GlaxoSmithKline said a HIV treatment developed by its ViiV Healthcare joint venture with Pfizer and Shionogi had been granted marketing approval by the European Commission. The HIV specialist joint venture was granted authorisation for Juluca, which treats HIV type-one infections in adults who are virologically suppressed on a stable anti-retroviral regimen for at least six months. 'The European Commission decision for Juluca is very positive news for people living with HIV across Europe, who will now have the opportunity to maintain their viral suppression with a complete treatment regimen composed of only two drugs within a single-pill,' ViiV chief executive Deborah Waterhouse said. 'Thanks to advances in treatment, many people living with HIV who are on therapy are living longer, with near-normal life expectancies.' 'We listened to their concerns about the potential long-term effects of being on treatment for decades, and have developed a solution aligned with a preference to streamline care by taking fewer antiretrovirals to manage their HIV.' At 1:20pm: (LON:GSK) GlaxoSmithKline PLC share price was +3.2p at 1491.4p Story provided by StockMarketWire.com
Lawsuit alleging dismissal of a whistleblower, not good publicity but doesn't sound like a major issue, given that he "left the company following a reorganisation that resulted in his department being outsourced. His leaving had nothing to do with the allegations he made."
GlaxoSmithKline is facing fresh criticism over the way it treats whistleblowers after a lawsuit was filed by a former senior technical lead claiming he was harassed and wrongfully dismissed after repeatedly warning over issues with the pharmaceutical giant's computer fleet.
The case, filed in the US, piles more pressure on Glaxo to review its policy for whistleblowers, after a series of high-profile claims against the company over the last decade.
These have led to a $96m (£71m) payout to one former employee who exposed contamination at a factory in Puerto Rico, a wider-ranging corruption probe in China and a $3bn settlement in the US over mispromoted drugs.
In the latest lawsuit, Thomas Reilly, who worked at Glaxo for 16 years as a senior service management technical lead, claims he alerted both his direct superiors over issues with IT systems, specifically the "instability and non-compliance of the production computer system" that supported drug manufacturing, but his concerns were ignored.
Mr Reilly alleged the problems were "being covered up and disregarded", and that he was subject to "hostility, discrimination and retaliation" after having pointed out the issues.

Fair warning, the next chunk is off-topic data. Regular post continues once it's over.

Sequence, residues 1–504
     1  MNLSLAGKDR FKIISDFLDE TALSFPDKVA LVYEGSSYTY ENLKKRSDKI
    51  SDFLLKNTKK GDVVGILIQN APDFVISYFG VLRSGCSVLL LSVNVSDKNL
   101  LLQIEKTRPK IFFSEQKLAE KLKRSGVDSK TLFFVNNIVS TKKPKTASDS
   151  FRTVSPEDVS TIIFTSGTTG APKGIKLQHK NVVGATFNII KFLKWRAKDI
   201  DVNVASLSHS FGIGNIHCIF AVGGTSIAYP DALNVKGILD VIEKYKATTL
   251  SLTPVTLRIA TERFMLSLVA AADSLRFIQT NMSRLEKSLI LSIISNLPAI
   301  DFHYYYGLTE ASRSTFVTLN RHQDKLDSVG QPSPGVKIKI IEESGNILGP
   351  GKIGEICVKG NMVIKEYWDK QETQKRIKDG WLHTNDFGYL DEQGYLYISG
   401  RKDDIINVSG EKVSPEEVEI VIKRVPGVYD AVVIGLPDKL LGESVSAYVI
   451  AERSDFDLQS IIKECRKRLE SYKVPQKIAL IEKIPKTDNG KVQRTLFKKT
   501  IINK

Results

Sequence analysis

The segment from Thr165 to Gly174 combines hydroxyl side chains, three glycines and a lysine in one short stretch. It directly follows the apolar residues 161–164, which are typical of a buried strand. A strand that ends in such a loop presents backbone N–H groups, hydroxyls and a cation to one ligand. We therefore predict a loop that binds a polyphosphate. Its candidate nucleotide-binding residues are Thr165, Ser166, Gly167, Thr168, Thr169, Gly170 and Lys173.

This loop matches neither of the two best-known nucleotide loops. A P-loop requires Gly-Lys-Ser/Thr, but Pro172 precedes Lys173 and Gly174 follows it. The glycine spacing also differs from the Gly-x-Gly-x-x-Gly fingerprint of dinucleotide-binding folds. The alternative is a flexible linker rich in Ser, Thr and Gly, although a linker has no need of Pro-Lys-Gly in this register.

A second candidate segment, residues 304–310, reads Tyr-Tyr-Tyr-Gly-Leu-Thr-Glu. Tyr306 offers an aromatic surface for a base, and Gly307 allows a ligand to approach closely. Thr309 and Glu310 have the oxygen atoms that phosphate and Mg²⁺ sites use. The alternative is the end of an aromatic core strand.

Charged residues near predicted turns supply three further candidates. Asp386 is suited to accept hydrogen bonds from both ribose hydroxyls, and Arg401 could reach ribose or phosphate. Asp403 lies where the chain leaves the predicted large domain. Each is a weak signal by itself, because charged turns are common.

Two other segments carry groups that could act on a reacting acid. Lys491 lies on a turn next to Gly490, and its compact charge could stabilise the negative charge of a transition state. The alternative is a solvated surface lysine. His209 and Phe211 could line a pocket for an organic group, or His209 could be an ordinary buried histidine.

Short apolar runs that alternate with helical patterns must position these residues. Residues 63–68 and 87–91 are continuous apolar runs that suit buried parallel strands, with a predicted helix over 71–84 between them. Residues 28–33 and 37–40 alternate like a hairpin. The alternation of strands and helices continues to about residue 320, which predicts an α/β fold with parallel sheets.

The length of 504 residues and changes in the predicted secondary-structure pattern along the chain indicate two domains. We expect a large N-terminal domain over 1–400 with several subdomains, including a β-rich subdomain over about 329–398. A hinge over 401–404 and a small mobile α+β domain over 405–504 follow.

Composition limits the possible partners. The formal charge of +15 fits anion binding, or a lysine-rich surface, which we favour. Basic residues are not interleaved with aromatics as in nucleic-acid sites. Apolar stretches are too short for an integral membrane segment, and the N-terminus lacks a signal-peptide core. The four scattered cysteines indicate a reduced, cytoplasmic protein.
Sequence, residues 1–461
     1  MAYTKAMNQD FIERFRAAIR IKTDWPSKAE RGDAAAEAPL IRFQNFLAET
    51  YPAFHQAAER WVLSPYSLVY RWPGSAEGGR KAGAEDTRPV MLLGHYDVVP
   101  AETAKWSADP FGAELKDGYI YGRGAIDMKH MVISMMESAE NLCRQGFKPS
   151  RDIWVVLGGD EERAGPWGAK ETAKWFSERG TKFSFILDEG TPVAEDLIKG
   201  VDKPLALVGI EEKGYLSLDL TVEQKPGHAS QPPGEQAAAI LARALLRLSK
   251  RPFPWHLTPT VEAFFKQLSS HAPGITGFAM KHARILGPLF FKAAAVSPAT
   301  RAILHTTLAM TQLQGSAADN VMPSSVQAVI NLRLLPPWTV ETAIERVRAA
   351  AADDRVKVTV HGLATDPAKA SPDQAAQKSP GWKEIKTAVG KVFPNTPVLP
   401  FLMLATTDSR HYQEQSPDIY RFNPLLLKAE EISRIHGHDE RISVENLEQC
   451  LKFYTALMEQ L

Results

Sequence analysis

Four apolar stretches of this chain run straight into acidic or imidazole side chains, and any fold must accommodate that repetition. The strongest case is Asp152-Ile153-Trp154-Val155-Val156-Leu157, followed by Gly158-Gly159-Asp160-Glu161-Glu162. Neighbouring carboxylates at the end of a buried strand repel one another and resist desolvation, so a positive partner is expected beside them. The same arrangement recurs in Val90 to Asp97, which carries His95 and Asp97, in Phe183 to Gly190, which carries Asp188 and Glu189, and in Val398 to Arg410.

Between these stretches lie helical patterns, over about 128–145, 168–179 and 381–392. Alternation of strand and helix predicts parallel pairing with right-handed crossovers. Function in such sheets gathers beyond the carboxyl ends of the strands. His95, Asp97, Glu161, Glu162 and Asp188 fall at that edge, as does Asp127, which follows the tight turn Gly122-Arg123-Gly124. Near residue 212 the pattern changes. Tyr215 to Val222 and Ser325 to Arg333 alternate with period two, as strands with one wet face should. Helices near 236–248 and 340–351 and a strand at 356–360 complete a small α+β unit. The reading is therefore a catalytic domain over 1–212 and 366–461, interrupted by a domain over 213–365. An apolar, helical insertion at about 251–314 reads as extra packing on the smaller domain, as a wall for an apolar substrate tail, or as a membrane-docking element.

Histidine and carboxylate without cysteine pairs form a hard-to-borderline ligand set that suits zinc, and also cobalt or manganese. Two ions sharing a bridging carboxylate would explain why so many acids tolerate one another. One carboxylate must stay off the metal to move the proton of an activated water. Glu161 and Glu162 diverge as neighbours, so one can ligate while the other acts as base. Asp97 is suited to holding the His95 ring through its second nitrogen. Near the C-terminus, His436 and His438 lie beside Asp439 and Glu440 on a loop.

Mr Reilly claims the issue was escalated to then chief executive Andrew Witty, who he says he contacted over the allegations and believes he followed up on them with the chief information officer.
However, Mr Reilly was later told that an investigation into his allegations had come to nothing and that he was being discharged from employment. He is suing Glaxo under the whistleblower provisions of the Sarbanes-Oxley Act of 2002.
A spokesman for Glaxo said: "We fully investigated Mr Reilly's allegations regarding our IT system each time they were made. Our investigations found no evidence to substantiate these allegations.
"We are confident in the integrity of our financial reporting. Mr Reilly left the company following a reorganisation that resulted in his department being outsourced. His leaving had nothing to do with the allegations he made."
A lawyer for Mr Reilly did not respond to requests for comment.
" Europes medicines regulator said it was assessing evidence that GlaxoSmithKlines (GSK.L) successful HIV drug dolutegravir might be linked to birth defects, adding it should not be prescribed to women seeking to become pregnant. "
Not good if defects are proven to be caused by Dolutegravir but at least by the sound of things the possible link has been picked up relatively early and so the drug should not be given to pregnant women.
GSK's dominance of lung drug market no longer guaranteed
* Pricing pressure jeopardises profitability of newer drugs
* American Thoracic Society meeting crucial for GSK
* Could lead to heightened interest in inhaler Trelegy
By Ben Hirschler
LONDON, May 18 (Reuters) - GlaxoSmithKline is putting more marketing muscle behind its new lung drugs and is looking for a sales boost as top respiratory experts gather to analyse clinical trials data at a meeting in San Diego this weekend.
The British drugmaker has dominated the lung drug market for decades, but its pre-eminence is no longer guaranteed, given declining sales of the ageing Advair inhaler, which could soon face generic competition in the United States.
The market is also seeing intensified pricing pressure, raising doubts over the long-term profitability of newer drugs.
That makes this year's meeting of the American Thoracic Society (ATS) from May 18 to 23 a critical venue for GSK.
Luke Miels, GSK's head of pharmaceuticals, told Reuters the good sales trajectory seen in the first quarter with its novel three-in-one inhaler Trelegy and the injectable Nucala had continued since March, with ATS offering further upside.